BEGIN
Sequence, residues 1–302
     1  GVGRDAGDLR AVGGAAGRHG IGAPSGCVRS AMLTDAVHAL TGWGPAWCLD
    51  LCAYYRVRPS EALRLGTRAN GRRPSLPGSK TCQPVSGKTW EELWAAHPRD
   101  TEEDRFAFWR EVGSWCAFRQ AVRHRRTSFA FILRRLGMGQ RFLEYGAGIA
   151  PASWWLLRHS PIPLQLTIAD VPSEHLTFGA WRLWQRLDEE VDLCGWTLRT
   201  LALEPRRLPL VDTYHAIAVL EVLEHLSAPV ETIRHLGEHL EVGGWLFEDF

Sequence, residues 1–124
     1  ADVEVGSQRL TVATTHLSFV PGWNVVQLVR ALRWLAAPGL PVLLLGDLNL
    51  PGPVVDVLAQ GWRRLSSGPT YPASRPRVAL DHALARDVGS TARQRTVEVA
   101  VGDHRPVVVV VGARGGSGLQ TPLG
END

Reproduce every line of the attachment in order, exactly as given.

Sequence, residues 1–302
     1  GVGRDAGDLR AVGGAAGRHG IGAPSGCVRS AMLTDAVHAL TGWGPAWCLD
    51  LCAYYRVRPS EALRLGTRAN GRRPSLPGSK TCQPVSGKTW EELWAAHPRD
   101  TEEDRFAFWR EVGSWCAFRQ AVRHRRTSFA FILRRLGMGQ RFLEYGAGIA
   151  PASWWLLRHS PIPLQLTIAD VPSEHLTFGA WRLWQRLDEE VDLCGWTLRT
   201  LALEPRRLPL VDTYHAIAVL EVLEHLSAPV ETIRHLGEHL EVGGWLFEDF

Sequence, residues 1–124
     1  ADVEVGSQRL TVATTHLSFV PGWNVVQLVR ALRWLAAPGL PVLLLGDLNL
    51  PGPVVDVLAQ GWRRLSSGPT YPASRPRVAL DHALARDVGS TARQRTVEVA
   101  VGDHRPVVVV VGARGGSGLQ TPLG